Talking to Your Child About Their Special Needs
I am probably way jumping the gun here, because my son is three. And also clueless. And also Autistic.
He goes to a Special Ed preschool and has speech therapy and OT and has Behavior Services come to the house a couple times a week. It’s all normal for him. He doesn’t know, doesn’t care that other kids don’t do the same thing.
So when do you tell him? That, you know, he’s a little bit different? That he sees the world differently than most people? That most people look at other people when they talk to them, and yes, I know it’s hard for you, kiddo, but that’s how the rest of the world works and you might have to work a little bit harder at it. That most people actually HAVE facial expressions, and that you don’t, and it’s hard for people to figure you out, little man. You’re kind of an enigma.
I know you’ve touched on this with Noah, and how kids in his kindergarten class had no issues with the kids who were dismissed for their Special Ed classroom. Is it still the same in first grade?
I fully expect my son to be mainstreamed when he reaches kindergarten, probably still with speech therapy for communication skills. But at what point is it beneficial for him to know WHY he’s doing ST? And WHY he sees the world differently?
Thanks for the insight!
Planning Ahead Mom of Autistic Kid
Well, this timely. Yesterday afternoon — while in the waiting room of my son’s private occupational therapist’s office — I had a long conversation with another mother and we touched on this issue. Our children are close in age (first grade and second grade) and have basically followed the exact same path/trajectory: early intervention, disastrous attempts at mainstream preschool, two years of our district’s preschool, then to the LAD (Learning & Academic Disabilities) program. They are still split up between general education and LAD, and still receive extra services privately to supplement their IEPs.
And she half-admitted, half-marveled that her son has never, ever asked any questions: why they come here, what is OT, why do I leave my homeroom, etc. It’s just a fact of life for him. Something he does, and something he’s completely comfortable with. Or at least comfortable enough to not question or particularly care about.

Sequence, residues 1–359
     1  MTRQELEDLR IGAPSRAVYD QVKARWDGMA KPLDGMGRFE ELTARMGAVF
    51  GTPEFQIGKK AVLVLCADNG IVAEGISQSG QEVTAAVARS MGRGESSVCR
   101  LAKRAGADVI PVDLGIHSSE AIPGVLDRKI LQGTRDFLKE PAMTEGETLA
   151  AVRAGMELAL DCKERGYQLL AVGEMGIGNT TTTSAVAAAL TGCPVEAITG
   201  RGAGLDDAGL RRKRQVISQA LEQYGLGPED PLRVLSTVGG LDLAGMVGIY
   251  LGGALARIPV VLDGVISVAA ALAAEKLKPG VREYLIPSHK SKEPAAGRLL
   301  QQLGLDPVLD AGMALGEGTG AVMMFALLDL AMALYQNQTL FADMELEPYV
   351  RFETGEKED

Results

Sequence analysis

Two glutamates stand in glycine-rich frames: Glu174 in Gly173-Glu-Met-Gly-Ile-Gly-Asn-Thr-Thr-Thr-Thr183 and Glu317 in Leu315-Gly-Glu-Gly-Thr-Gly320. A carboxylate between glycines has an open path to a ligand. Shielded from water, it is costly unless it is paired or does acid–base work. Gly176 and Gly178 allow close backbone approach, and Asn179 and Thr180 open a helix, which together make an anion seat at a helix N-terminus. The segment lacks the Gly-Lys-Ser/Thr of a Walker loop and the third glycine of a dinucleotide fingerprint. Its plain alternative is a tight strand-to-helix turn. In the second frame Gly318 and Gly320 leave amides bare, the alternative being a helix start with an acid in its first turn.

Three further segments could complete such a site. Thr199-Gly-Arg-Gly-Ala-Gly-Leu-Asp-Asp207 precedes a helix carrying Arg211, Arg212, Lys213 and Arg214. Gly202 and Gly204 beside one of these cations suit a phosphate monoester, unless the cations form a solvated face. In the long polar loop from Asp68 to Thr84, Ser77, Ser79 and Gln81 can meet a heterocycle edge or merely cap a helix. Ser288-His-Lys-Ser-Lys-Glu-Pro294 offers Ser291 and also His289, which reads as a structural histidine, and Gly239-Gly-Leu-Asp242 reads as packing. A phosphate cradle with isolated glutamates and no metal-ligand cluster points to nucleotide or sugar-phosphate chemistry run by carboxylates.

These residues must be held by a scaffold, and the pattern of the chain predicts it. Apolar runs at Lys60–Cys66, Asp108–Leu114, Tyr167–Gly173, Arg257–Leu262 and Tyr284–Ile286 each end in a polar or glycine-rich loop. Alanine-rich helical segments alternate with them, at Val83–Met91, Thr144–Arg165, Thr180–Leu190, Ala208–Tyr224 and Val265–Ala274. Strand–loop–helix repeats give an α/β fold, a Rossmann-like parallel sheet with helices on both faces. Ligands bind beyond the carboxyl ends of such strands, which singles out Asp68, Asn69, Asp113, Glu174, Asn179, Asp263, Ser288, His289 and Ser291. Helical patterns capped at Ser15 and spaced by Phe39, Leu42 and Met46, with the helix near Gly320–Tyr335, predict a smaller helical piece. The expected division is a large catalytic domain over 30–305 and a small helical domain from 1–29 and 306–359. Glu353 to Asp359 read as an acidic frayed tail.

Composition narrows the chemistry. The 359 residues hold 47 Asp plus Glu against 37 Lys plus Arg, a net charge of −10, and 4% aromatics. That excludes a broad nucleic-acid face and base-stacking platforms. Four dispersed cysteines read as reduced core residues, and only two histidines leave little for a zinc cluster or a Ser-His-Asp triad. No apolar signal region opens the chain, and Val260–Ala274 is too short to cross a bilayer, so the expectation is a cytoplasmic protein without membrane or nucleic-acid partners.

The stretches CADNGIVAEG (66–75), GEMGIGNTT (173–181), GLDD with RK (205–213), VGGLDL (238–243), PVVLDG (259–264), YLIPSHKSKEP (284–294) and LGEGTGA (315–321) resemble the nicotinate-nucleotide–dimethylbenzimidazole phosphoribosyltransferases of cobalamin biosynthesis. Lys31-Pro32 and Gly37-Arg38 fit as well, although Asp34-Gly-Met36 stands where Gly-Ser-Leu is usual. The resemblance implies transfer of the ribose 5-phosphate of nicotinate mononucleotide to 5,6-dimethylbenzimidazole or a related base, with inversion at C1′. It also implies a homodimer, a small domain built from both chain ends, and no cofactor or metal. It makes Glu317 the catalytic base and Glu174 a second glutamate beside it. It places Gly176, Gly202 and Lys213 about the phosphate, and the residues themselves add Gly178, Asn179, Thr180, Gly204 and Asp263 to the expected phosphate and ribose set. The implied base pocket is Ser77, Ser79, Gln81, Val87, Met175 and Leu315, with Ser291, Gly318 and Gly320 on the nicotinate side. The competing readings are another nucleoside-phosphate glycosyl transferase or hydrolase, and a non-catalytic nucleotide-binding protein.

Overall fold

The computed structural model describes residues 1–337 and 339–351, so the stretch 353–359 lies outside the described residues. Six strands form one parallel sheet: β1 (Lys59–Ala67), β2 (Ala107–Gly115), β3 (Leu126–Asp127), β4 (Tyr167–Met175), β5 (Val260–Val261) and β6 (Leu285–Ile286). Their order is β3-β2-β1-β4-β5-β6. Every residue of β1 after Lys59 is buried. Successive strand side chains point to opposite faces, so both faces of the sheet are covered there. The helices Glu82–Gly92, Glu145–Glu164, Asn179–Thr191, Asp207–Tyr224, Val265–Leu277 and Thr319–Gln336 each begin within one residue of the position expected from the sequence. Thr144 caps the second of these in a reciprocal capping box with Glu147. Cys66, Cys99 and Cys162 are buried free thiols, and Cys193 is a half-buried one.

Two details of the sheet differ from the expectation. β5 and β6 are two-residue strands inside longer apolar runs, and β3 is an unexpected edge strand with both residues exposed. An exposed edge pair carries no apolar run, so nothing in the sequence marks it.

Same here, I said. Mostly, anyway.
A few weeks ago one of Noah’s neighborhood playmates rang our doorbell just as we were getting ready to head off to his OT appointment. Noah promptly informed him that he couldn’t play just then, because we had to go see “Ms. M___.”
“Who’s Ms. M___?” his friend asked.
Noah paused. He’s known her since he was three-and-a-half years old. But…who is she to him, exactly?
“She’s my grown-up friend,” he answered. “We play together.”
“Oh. Okay!” came the satisfied response. “Can Ezra play then?”
(Interestingly enough, “grown-up friend” is how I’ve heard Noah describe other people, like our babysitter or close family friends.)
When we started seeing a psychologist this summer, I asked her how I should explain the visits to Noah. She said to tell him that she was a friend of ours who was very, very good at talking to kids about their feelings. They would play together and she was a really good person to talk to about his feelings, if he wanted to. She felt that was usually enough. (Sometimes even more than enough, because the truth is little kids are often kind of used to not having every destination or person in their life fully explained to them.)